- there is no rule stating that I have to practice my take offs and landings from the pavement. This experience did show me that I am perfectly capable of doing so and I will not be so apprehensive about operating a taildragger from the pavement in the future.
- it is entirely possible to communicate without a headset with the engine at idle or taxi speed. Regardless, it was not his job to tell me to switch tanks, I only said it out loud to him in that manner because I find that doing so helps me to remember stuff - usually.

(edited: sorry, was out of line)
 
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TahoeTim

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South Lake Tahoe. Ca.
You did not do a proper run up after the engine was flooded and your arrogance shows in your response. It could have fouled at 100ft elevation, Then what? To say you stay in the pattern is silly.

What about the empty tank? Did any crud or water get into the system? You should have parked it and checked the fuel system carefully. It's gonna bite you someday if you don't gain more respect for safety and be more cautious.

Your video refutes the wind gust story. Why did you yell at him when it rolled away? Either he revved it up or you left the plane at a very high throttle setting. His hands are feverishly all over ALL the controls. I watched the resumption of taxi and listened to the engine rpm to come to my conclusion that it was revving higher than idle when you jumped out. Also, If a wind gust is powerful enough to roll a plane fast enough that your full force barely stopped it then it was way too windy to fly. I stand by my assessment of your judgement and don't care how mad you are. I feel sorry for Curtis, he will be the victim to your antics.

I repeat, take the **** camera off the plane and focus on flying safely.

Just stay far away from Tahoe, I don't want you anywhere near me in the pattern.
 

TahoeTim

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South Lake Tahoe. Ca.
BTW - do you leave your kids in a running car while you exit the car in gear without any brakes? Think about it.

I'm trying to give you a SERIOUS wake up call. You don't seem to be grasping how close you came to killing yourself and a friend, twice.
 

mmatt

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I didn't yell at him, I was joking with him. He's my best friend and we joke yell at each other all the time. I figured the smile on my face gave it away.

Regardless, like I said, I appreciate the help and you even pointed out some additional things I hadn't thought of. Trust me when I say I have learned from this and won't be making the same mistakes again.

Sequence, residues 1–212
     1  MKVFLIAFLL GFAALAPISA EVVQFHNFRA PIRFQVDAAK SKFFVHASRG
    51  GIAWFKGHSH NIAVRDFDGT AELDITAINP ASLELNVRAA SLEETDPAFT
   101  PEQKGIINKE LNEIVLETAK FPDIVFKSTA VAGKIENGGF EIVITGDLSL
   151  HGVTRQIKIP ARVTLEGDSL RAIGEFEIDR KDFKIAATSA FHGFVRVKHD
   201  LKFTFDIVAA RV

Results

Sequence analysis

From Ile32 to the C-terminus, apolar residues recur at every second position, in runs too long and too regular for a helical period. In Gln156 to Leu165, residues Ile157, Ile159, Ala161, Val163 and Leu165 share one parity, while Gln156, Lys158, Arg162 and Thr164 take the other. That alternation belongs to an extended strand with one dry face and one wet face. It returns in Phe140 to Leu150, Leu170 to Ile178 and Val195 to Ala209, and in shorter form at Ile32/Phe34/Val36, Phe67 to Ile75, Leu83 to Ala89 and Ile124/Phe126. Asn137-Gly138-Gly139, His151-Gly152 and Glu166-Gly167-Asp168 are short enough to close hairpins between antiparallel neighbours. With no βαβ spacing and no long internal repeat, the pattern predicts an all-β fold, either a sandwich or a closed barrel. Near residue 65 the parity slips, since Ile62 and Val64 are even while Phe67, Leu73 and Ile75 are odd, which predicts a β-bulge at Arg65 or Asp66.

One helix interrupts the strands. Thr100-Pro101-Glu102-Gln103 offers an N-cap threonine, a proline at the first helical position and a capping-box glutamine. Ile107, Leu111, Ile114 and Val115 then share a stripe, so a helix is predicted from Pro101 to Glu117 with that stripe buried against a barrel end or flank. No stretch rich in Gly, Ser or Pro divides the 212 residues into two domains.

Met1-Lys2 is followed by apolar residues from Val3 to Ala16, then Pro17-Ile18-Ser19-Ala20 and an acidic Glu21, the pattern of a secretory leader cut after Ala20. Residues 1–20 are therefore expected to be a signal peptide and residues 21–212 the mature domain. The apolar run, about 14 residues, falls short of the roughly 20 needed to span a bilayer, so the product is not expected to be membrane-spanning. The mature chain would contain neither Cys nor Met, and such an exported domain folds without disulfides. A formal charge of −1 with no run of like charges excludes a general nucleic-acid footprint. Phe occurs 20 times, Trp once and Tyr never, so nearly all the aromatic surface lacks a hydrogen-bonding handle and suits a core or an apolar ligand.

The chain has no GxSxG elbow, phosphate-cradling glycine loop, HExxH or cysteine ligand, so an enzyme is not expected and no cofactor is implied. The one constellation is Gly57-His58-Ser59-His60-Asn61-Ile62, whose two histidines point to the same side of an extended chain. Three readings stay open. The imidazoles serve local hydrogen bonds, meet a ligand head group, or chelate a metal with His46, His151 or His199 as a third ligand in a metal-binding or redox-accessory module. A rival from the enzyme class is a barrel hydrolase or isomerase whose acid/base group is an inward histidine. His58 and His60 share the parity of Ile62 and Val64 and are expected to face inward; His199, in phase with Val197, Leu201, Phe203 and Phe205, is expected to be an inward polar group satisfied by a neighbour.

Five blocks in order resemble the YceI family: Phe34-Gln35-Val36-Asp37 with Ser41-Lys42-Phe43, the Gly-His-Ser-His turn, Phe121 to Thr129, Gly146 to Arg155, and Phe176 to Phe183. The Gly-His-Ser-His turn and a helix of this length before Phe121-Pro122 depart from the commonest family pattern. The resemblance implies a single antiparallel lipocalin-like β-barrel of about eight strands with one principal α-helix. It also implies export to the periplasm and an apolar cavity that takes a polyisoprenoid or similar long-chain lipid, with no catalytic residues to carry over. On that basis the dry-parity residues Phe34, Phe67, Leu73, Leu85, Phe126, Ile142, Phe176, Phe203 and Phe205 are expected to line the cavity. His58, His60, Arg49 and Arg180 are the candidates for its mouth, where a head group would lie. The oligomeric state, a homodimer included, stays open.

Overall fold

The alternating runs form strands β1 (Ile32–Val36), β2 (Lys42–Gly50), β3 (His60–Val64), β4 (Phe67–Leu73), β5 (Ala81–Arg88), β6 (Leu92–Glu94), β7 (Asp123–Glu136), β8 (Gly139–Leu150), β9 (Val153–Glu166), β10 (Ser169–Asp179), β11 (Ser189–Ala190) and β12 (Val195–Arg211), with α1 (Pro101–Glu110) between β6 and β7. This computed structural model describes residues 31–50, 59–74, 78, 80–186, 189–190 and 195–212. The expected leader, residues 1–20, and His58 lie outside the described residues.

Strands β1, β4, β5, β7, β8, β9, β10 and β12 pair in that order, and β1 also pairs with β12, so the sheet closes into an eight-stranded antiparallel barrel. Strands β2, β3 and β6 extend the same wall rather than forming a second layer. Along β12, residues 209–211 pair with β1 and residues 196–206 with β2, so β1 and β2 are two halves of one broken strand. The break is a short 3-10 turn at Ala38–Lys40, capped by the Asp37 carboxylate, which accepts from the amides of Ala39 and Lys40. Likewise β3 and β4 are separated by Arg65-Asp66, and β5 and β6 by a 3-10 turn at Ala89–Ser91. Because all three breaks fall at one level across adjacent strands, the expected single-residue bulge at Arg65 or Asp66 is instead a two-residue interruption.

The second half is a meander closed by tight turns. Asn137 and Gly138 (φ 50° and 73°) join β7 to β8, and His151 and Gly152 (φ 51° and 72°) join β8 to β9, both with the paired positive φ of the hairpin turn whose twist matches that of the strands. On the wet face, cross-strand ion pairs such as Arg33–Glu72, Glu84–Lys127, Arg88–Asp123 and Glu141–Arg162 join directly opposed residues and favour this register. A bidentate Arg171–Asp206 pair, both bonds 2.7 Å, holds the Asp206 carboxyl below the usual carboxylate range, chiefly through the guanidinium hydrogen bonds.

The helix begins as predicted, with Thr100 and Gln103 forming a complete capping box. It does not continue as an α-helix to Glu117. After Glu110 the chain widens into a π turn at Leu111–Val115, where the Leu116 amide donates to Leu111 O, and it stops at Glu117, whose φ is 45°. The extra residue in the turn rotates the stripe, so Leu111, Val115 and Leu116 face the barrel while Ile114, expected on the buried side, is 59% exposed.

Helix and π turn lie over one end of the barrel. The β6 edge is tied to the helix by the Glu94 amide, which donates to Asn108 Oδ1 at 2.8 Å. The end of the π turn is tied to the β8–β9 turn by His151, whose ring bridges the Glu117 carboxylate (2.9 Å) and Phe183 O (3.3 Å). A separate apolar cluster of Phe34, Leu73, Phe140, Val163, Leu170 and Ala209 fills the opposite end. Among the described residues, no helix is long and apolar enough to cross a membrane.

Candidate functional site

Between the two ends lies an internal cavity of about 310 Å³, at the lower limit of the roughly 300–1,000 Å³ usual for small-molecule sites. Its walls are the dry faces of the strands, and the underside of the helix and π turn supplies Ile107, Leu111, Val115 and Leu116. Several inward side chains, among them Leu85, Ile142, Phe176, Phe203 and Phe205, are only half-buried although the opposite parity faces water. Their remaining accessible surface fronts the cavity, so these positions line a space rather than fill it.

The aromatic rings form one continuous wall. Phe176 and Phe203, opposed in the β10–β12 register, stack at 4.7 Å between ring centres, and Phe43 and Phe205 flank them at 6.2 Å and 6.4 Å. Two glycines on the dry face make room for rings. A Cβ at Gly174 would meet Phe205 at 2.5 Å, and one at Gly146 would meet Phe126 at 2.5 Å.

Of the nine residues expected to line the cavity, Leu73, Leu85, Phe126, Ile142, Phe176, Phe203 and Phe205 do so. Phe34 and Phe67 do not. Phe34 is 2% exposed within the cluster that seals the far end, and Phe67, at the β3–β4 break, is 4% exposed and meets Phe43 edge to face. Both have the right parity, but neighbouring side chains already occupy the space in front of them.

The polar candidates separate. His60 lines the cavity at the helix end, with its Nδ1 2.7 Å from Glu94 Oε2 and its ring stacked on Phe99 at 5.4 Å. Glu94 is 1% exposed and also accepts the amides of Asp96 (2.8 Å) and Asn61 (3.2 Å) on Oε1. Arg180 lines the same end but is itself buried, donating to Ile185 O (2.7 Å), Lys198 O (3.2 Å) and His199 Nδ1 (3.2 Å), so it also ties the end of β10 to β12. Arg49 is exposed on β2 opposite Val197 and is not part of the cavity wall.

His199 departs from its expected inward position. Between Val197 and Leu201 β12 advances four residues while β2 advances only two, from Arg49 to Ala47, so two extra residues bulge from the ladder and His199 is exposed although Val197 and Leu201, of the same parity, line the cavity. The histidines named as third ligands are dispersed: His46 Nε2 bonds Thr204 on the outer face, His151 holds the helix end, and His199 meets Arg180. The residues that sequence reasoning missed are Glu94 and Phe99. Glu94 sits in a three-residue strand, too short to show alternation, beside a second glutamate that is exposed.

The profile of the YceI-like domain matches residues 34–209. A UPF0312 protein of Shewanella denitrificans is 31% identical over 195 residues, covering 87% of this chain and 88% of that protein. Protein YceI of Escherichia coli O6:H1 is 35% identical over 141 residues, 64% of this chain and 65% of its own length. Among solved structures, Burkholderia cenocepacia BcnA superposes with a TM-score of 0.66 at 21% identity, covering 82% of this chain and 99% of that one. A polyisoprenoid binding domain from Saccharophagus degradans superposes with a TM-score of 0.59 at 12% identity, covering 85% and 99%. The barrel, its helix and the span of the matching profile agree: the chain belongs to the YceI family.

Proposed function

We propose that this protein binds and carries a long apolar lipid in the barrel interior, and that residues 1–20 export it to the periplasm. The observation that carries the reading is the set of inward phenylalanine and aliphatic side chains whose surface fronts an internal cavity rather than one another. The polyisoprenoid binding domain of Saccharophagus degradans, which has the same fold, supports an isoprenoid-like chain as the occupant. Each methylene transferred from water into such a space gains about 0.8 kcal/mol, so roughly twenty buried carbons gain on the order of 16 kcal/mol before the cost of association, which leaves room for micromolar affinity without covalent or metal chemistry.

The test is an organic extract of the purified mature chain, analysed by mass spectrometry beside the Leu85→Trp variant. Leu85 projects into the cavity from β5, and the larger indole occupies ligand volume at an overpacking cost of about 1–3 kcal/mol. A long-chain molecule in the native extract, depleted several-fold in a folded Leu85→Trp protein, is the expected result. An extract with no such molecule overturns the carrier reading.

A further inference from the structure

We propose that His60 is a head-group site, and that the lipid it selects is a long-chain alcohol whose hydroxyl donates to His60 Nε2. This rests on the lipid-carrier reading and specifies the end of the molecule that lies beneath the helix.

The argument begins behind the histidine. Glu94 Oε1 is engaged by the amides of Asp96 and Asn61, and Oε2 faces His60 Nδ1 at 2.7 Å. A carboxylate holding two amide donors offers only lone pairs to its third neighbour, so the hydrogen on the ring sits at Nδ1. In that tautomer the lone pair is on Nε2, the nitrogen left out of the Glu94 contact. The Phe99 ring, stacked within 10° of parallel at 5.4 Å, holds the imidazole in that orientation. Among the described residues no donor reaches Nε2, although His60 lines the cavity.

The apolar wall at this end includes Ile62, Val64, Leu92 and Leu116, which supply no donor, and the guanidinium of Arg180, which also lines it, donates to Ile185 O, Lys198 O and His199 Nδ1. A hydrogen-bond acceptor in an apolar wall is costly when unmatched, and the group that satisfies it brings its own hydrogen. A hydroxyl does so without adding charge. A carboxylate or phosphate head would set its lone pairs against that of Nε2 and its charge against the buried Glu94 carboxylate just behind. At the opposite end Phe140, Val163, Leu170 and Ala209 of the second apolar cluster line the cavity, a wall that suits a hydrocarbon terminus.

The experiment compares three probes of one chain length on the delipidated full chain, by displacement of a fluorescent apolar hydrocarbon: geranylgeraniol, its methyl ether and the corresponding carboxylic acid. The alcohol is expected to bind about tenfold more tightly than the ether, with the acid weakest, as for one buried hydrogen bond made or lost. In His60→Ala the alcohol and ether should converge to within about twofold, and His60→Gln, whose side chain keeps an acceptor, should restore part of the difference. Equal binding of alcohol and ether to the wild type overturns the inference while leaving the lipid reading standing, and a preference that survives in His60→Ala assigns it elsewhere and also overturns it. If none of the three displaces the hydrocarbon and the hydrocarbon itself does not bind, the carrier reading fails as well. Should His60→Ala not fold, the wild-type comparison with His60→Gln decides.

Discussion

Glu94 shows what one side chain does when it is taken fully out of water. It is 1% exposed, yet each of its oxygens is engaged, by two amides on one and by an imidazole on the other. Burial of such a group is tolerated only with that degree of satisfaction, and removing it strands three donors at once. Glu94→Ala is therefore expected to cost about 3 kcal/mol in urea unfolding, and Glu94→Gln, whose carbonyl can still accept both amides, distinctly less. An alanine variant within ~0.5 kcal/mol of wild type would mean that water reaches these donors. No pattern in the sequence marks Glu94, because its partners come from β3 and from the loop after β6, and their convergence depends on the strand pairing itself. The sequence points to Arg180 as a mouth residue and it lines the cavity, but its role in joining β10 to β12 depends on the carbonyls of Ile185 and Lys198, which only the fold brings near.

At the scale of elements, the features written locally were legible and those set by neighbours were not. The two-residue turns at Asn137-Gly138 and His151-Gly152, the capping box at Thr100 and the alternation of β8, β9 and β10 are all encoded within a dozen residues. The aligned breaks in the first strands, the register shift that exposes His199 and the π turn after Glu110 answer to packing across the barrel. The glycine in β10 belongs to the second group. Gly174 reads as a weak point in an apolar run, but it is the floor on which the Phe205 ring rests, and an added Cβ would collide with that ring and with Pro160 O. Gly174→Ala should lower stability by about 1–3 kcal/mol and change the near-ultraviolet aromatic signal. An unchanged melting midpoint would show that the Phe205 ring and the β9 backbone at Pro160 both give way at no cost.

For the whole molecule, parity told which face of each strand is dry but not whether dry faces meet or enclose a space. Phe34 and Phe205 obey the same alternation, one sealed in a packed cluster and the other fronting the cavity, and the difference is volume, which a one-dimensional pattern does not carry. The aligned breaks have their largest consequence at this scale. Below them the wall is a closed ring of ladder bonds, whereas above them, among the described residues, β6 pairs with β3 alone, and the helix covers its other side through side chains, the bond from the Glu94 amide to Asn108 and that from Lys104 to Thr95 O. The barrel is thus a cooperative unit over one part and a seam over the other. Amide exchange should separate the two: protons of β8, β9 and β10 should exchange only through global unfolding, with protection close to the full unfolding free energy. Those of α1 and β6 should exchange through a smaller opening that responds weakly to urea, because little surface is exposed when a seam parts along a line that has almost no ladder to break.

I'll be sure to stay clear of your airspace.
 
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BJC

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I didn't yell at him, I was joking with him. He's my best friend and we joke yell at each other all the time. I figured the smile on my face gave it away.

Regardless, I thought I was sharing a learning experience. I guess I came to the wrong place.
No, you came to the correct place.

You made a mistake, and you openly shared it with others. That is a good thing. That you learned from it is a good thing. All of us have made mistakes, but we seldom share them.

People here at HBA, including me, can be extremely critical at times. That is just human nature. When you consider that most pilots know everything, and feel a duty to bestow their knowledge on others, then critical posts and responses are to be expected. Welcome, we all have experienced it.

Stick around, comtinue to post, expecially the videos, always go through your checklist, and have fun.


BJC
 

Chris In Marshfield

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Thanks for sharing your experience, @mmatt. I'm sure we've all had those "oh snap" moments that we look back upon as serious learning moments. I'm sure even @TahoeTim has experienced them. :)

Don't let the comments of the one outweigh the learning benefits of the many. Carry on smartly, having learned some good lessons. What's in the past is, indeed, in the past. Hindsight is 20/20, and all that other cliche stuff.
 

N8053H

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Thanks for sharing this. None of us want any of the members on this forum or any aviation forum or any forum to become a statistic. We all make mistakes. It's called being human.

Thanks for sharing your video.
 

mmatt

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Canada
After Taco Tims tirade I doubt many will want to share their experiences here.
I know that I certainly don't want to anymore. I still will in the interest of helping others remain safe but I'll be sure to don my flamesuit from now on. I guess even this experience is good for me. A thick skin often helps in life.
 

TFF

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See thats the problem with efficient engines, it does not take much fuel to get off the ground. I say thats a joke in internet land. Everyone seems to do this, which is let some defect make you override normal operations. Not having fuel in the other tank because of a leak is common. I know people who fly on one take because of leaks. And probably the sin that the FAA has least tolerance for. Running out of gas. The good things is you handled it well, and you did climb instead of tree top hop.